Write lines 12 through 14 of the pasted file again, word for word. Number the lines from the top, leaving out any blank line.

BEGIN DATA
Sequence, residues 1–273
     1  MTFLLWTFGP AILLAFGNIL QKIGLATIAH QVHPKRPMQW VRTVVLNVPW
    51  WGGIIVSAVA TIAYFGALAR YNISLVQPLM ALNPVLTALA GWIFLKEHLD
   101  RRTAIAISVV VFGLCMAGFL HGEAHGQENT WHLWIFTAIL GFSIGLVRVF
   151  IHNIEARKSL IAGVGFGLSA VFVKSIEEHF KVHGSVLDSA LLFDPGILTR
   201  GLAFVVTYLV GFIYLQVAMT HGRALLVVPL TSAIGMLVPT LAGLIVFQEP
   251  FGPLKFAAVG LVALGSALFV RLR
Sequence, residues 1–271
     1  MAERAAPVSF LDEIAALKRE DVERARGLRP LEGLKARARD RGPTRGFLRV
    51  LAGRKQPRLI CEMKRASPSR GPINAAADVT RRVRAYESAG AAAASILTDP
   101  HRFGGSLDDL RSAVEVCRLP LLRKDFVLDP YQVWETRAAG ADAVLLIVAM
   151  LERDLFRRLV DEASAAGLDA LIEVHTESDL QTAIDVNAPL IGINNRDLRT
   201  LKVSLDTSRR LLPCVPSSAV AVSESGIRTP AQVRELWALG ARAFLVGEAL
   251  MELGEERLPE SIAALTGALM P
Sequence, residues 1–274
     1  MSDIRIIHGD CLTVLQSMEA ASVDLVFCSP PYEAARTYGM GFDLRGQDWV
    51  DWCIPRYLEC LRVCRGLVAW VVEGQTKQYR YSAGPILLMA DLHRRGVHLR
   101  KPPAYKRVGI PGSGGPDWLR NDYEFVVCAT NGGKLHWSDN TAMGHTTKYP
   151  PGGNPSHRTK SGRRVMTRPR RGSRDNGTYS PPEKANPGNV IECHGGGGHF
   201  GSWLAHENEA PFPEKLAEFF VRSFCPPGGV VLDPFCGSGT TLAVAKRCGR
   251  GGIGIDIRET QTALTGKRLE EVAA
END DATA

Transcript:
   151  LERDLFRRLV DEASAAGLDA LIEVHTESDL QTAIDVNAPL IGINNRDLRT
   201  LKVSLDTSRR LLPCVPSSAV AVSESGIRTP AQVRELWALG ARAFLVGEAL
   251  MELGEERLPE SIAALTGALM P